RATED: ★ ★ ★ buckets | WORTH: Matinee or DVD
Rated: PG-13 Intense sequences of sci-fi violence and action, some sexual content, brief nudity and language.
Release Date: August 3, 2012
Runtime: 1 hour 49 minutes
Director: Len Wiseman
Writers: Kurt Wimmer, Mark Bomback, Ronald Shusett, Dan O'Bannon, Jon Povil, based on the short story 'We Can Remember It for You Wholesale' by Philip K. Dick
SYNOPSIS: Factory work Douglas Quaid begins to question the reality of his life after a visit to memory inducing company ReKall goes awry and he finds himself on the road from both people he thought he knew and unknown shadowy government agents.
REVIEW: Underworld series writer and Underworld and Underworld: Evolutiondirector Len Wiseman tries to remember what is real and what is illusion with a sci-fi remake of the 1990 Arnold Schwarzenegger Total Recall based on the short story 'We Can Remember It for You Wholesale' by cult sci-fi writer Philip K. Dick. Forsaking a trip to Mars for locales for terrestrial, Kurt Wimmer (Salt) and Matt Bomback (Unstoppable) write a screenplay based on the original screen story by Ronald Shusett and Dan O'Bannon (Aliens vs. Predator: Requiem), and Sliders series writer Jon Povil. Can Colin Ferrell erase the memory of the Arnold Schwarzenegger's movie vehicle and replace it with something completely different?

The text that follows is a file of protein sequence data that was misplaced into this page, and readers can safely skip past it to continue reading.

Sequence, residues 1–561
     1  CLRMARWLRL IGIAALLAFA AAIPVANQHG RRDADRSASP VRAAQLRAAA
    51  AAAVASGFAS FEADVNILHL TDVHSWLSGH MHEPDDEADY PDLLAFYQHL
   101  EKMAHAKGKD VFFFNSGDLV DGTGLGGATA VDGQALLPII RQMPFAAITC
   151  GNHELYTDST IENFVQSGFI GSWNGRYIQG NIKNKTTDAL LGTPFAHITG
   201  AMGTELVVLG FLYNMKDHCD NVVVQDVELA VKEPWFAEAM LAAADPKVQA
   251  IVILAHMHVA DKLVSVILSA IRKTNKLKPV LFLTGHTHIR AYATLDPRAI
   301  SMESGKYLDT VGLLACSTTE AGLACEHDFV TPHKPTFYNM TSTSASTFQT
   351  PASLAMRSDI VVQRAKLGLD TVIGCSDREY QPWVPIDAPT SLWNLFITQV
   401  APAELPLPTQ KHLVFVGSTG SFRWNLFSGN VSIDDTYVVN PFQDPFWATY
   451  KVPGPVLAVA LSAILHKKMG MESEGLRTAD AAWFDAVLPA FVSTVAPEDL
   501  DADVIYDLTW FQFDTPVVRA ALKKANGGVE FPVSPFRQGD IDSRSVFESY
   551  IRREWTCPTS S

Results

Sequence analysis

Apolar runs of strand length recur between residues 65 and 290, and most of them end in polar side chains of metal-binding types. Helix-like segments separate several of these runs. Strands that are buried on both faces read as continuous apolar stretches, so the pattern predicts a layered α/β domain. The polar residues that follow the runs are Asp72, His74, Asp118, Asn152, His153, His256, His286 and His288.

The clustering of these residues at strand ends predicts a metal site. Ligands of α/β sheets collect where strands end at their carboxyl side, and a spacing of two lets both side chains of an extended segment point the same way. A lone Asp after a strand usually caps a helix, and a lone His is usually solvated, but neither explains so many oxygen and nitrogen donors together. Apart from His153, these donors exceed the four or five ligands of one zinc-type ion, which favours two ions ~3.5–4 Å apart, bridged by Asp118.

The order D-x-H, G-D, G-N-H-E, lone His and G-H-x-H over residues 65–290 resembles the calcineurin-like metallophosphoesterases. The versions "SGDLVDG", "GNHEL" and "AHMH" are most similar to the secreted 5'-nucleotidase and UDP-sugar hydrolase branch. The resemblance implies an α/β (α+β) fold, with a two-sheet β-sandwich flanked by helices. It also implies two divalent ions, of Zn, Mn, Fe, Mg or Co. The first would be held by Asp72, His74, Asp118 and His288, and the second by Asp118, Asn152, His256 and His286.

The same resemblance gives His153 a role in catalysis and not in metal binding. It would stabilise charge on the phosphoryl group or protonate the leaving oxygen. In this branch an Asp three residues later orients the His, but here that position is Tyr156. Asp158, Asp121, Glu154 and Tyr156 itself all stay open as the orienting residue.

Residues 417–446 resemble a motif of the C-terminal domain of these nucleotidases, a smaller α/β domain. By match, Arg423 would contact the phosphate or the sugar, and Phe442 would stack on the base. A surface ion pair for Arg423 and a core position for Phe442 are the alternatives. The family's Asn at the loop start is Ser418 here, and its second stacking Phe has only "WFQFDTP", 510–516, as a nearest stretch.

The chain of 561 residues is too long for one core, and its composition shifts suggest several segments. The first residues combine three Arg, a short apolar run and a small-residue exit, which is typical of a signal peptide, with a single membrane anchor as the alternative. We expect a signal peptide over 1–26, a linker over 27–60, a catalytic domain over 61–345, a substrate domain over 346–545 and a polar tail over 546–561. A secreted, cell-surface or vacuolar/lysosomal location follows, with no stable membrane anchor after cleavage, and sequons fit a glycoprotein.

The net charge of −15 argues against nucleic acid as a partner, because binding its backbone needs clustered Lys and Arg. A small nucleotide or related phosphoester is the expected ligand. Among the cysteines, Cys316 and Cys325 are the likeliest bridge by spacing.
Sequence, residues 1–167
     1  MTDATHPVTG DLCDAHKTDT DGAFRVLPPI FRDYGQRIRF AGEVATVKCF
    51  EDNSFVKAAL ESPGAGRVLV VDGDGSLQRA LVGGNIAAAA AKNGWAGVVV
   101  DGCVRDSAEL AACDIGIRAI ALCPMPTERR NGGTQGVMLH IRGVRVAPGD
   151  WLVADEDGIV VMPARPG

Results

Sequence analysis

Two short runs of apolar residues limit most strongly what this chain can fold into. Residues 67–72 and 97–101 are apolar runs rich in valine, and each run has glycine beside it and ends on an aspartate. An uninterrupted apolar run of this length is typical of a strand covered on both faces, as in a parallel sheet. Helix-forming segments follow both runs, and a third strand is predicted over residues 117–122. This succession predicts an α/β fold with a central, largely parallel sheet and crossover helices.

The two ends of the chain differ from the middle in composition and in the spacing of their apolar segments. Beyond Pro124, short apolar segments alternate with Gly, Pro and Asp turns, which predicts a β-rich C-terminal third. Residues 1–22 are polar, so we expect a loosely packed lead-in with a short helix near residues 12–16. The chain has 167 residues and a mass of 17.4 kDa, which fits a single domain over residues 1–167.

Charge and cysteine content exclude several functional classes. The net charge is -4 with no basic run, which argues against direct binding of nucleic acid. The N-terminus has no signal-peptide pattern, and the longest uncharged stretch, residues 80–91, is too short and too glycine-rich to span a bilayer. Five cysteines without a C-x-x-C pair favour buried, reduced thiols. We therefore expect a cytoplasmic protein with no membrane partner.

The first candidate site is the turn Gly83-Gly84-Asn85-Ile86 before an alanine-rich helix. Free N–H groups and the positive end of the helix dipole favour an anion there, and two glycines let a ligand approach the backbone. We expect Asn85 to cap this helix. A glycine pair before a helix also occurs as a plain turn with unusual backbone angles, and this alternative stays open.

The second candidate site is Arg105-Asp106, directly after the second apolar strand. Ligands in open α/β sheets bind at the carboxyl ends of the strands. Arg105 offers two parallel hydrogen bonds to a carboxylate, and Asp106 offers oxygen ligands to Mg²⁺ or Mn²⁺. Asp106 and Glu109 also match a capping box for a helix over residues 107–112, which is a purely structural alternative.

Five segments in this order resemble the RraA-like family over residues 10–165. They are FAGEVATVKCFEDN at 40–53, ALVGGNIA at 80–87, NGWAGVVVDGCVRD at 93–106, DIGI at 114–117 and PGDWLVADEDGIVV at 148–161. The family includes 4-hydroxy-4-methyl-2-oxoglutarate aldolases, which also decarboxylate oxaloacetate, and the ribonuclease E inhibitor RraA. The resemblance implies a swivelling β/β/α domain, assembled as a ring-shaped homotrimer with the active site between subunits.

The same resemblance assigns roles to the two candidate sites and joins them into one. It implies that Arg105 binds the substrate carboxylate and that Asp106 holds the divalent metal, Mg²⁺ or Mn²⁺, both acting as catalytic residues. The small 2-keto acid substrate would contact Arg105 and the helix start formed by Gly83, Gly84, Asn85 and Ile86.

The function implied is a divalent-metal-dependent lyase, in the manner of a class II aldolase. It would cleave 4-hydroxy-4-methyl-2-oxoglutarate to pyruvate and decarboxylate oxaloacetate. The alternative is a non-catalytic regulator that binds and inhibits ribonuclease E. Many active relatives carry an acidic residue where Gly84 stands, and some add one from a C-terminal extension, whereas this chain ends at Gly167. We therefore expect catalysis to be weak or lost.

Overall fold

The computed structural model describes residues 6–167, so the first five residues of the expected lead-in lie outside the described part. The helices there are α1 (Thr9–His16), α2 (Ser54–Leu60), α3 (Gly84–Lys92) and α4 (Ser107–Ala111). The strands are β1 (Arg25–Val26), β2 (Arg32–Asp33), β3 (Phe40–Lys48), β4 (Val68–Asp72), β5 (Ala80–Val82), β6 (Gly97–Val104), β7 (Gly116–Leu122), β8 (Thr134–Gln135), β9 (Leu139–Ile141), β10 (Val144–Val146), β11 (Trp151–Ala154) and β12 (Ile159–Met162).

In a world of the late 21st Century, the planet has been ravaged by over population and global chemical warfare. Years later, the only inhabitable regions of the earth are on the opposite sides of the globe. The United Federation of Britain stands as the technological and economical center while the Colony (Australia) serves as the source for cheap labor for the UFB. Joining the two regions is a tunneled transport called The Fall, a massive subway rail that runs through the center of the earth itself. Douglas Quaid (Colin Ferrell,Horrible Bosses) lives with his wife Lori Quaid (Kate Beckinsale, Underworld: Awakening) in the Colony, Douglas taking the 17 minute Fall trip through the planet to work on the Synthetics assembly line with his friend Harry (Bokeem Woodbine, Devil) in the UFB. Working as hard as he can to get ahead on the job, Doug still finds that he is missing something. With nightmares of a hard fought escape with a beautiful woman, Doug is restless and unsure of himself. Doug takes a trip to ReKall, a business that can implant realistic memories of vacations, or life as a wealthy or powerful individual. But just as the technician McClane (John Cho, American Reunion) starts the ReKall implant process, something goes awry and armed law enforcement tactical team burst in to apprehend Douglas. Escaping the situation by using unknown combat skills against the soldiers, Doug finds that he is unsure of his true memories as his wife, friends, and government turns against him in a expansive plot of UFB government led by Cohaagen (Bryan Cranston, Rock of Ages) against the rebellion led by Matthias (Bill Nighy, The Best Exotic Marigold Hotel). Only the woman from his nightmares, Melina (Jessica Biel, New Year's Eve), seems to be the only one that Doug can trust. Or can he?